Friday, January 30, 2009

Friday follies

Peter Nero and the Philly Pops, "Visions of America," reviewed for the Bulletin. Jan. 30, 2009.

Tonight, I'm seeing The Inverse at Doc Watson's. I've never been to this club before, but a friend of mine from high school plays bass in this band. Funk has been much neglected in my music coverage of late; tonight should more than fulfill my RDA.

On Sunday, I make my triumphant return to church singing in the choir at St. Mark's Church (16th and Locust). This is my first venture into high-church music, complete with chanted psalm settings, and I'm filling in for both the 11 am High Choral Mass and the 4 pm Evensong. Leighton, Howells, Elgar and a variety of 16th century composers will be featured.

Oh, and I'll probably watch a little football after the 4 pm service. Teams from western Pennsylvania and the Phoenix suburbs will be featured.

Thursday, January 29, 2009


With rough weather the last couple days, I've only left the apartment to pick up the papers, all so I could bring you today's Paperboy. For the rest of the last week, I've just been huddled up, covers over my head.

Just kidding. I've been to a couple concerts (one review coming tomorrow), landed a prospective assignment from a widely-read and respected periodical, and interviewed soprano Ana Maria Martinez about performing with Plácido Domingo, whose Feb. 16 concert will be the subject of my next big feature. Not even snowy, icy nastiness will halt my ambitions.

Also, any experts on Dutch music (or Dutch music experts) out there? I'm looking for some insights for my next next big feature.

Thursday, January 22, 2009

Valhalla, I am coming

Today on Phawker, the latest Paperboy. I linked to a video of Led Zeppelin's "Immigrant Song," and fortunately I didn't have to resort to measures like those seen below.

My non-Paperboy output has dipped a bit, but I'm working on landing a few interviews for upcoming shows at the Kimmel Center. Stay tuned for some of this, and maybe even a little bit of this.

Tuesday, January 20, 2009

Inaugural follow-up

Some other thoughts on John Williams' piece for the inauguration here. Pretty much right on - shameless populism strikes again - but there were a few moments (some low rumbles in the piano, some criss-crossing lines that took the cello up high and the violin rather low) that were very nice. It could have been more, and it certainly wasn't Messiaen (I can wish), but the lineup of performers reflected the best of America.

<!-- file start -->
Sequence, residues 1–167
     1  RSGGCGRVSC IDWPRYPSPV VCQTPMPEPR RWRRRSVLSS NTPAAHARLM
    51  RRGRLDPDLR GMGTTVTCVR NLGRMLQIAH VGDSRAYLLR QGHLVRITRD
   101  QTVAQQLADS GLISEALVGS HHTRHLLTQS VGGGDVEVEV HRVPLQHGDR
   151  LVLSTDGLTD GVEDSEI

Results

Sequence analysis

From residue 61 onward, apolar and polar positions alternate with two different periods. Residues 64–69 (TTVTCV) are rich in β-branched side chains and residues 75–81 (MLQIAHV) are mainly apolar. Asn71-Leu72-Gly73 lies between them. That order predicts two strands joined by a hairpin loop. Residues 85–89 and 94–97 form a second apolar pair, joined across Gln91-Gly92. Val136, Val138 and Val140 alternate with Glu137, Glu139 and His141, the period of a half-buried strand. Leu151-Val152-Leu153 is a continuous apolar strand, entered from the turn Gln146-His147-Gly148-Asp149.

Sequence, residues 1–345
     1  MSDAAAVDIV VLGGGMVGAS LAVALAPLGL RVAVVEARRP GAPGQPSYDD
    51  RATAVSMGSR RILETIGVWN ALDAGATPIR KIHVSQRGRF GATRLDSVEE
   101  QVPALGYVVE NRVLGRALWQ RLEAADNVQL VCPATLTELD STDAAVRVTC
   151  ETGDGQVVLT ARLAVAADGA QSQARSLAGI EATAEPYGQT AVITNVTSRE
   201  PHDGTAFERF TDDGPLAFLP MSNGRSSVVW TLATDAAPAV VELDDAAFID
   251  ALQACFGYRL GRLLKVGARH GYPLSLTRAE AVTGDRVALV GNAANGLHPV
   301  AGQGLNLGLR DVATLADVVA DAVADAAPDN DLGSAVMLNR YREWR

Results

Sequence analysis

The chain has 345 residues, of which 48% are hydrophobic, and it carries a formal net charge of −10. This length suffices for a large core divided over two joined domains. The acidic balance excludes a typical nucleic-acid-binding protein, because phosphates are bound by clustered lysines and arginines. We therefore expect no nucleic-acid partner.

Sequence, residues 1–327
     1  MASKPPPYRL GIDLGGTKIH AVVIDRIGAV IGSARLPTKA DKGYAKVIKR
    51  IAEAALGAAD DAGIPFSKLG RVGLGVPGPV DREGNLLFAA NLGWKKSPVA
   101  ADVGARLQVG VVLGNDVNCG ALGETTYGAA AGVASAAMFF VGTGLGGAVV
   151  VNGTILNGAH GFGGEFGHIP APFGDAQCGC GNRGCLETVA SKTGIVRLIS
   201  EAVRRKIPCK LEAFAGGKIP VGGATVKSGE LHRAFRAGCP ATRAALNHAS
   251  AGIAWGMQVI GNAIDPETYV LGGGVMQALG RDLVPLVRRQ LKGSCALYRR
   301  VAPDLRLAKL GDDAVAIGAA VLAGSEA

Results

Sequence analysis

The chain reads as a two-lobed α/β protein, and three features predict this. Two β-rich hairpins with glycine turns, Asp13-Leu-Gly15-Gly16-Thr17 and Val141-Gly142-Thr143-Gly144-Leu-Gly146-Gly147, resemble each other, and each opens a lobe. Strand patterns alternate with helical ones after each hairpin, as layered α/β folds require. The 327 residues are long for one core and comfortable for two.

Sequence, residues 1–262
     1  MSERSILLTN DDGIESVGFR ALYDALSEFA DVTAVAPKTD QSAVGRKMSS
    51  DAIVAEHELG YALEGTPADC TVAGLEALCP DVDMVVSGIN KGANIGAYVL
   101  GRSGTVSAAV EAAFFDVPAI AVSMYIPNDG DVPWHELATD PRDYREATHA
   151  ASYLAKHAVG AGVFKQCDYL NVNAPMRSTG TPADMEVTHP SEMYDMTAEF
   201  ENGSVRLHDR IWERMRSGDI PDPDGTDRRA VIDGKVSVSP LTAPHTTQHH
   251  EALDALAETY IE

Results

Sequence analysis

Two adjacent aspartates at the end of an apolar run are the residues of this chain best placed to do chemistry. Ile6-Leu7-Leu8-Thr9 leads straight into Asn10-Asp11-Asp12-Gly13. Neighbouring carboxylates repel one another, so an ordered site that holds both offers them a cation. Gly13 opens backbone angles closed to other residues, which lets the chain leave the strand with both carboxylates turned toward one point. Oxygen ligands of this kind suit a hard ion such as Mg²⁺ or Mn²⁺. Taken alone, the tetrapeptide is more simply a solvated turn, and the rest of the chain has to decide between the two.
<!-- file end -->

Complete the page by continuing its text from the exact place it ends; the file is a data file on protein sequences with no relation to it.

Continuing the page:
What might have been

They got a cellist, a violinist, a pianist and a clarinetist together to play a John Williams piece for the inauguration. Top-flight musicians all: two legends, Yo-Yo Ma and Itzhak Perlman, and two young performers poised for greatness, Gabriela Montero and Anthony McGill. How could they assemble this specific instrumentation and not do Quartet for the End of Time?

Oh, right, the apocalyptic overtones. Don't want to herald a new era with the sounding of the seventh trumpet. It's still awesome, though. The above recording by a chamber group from New Mexico is mislabeled (it's actually the sixth movement, the "dance of fury, for the seven trumpets") but pretty good. Dig this, from Messiaen's preface to the score:

"Music of stone, formidable granite sound; irresistible movement of steel, huge blocks of purple rage, icy drunkenness."

Stone and steel for the nation's new resolve; purple for a country that is neither blue nor red; icy drunkenness for all the revelers waiting in the cold today. It would have been perfect.

Monday, January 19, 2009

Pre-inaugural post

Singers and symphonies, preview of concerts by the Bay-Atlantic Symphony and Symphony in C. The Courier-Post, Jan. 18, 2009.

Eschenbach returns, a review of the Philadelphia Orchestra with their former conductor on the podium. The Bulletin, Jan. 19, 2009.

Thursday, January 15, 2009

In brief

From today, Paperboy. From Monday, orchestra review. Doing another one tonight.

I was in a room with someone very famous today. Hint: his last name rhymes with "Flamingo."

Coming up: a preview of two orchestra concerts on the other side of the river, plus an article on that Flamingo guy.

Thursday, January 08, 2009

Back to slinging mud

First issue of Paperboy in the New Year after a two-week break for Christmas and New Year's. During the interim, I was baffled to find myself on the Letters page of CP (third one down), bringing a typo to the their attention. I figured they'd run a "regret the error"-type notice, but they probably needed one more short letter to fill out the column.

On the horizon: several Orchestra reviews (Philly the next two weeks at least, plus a Cleveland appearance in early February), another orchestra preview for the Courier-Post, and a visit from my parents.

Wednesday, January 07, 2009

It is time

A review of the Crossing, an excellent, forward-thinking chamber choir based in Philly. The wait for their first concert of the year was worth it, and I believe that a second wait for their "Month of Moderns" in May and June will be similarly rewarded.

Friday, January 02, 2009

Wrapping up

Various year-end lists featuring my writing surfaced in the last few days. For Phawker's The Music We Loved in 2008, I wrote up TV on the Radio's "Dear Science" and Man Man's "Rabbit Habbits," as well as the "Punk Rock Moment of the Year," Amy Poehler's Sarah Palin rap on SNL.

For the Bulletin, I contributed notes on Charles Dutoit's arrival as chief conductor in Philly and on Jason Moran's stellar Art Museum concert. The Dutoit entry is more forward-looking than retrospective; his work with the Orchestra will likely only grow stronger in the New Year and for several more to come.

Once again, I have chosen new music over football. Better to support local arts than a non-local team. Look for the concert review on Monday. Go Vikes.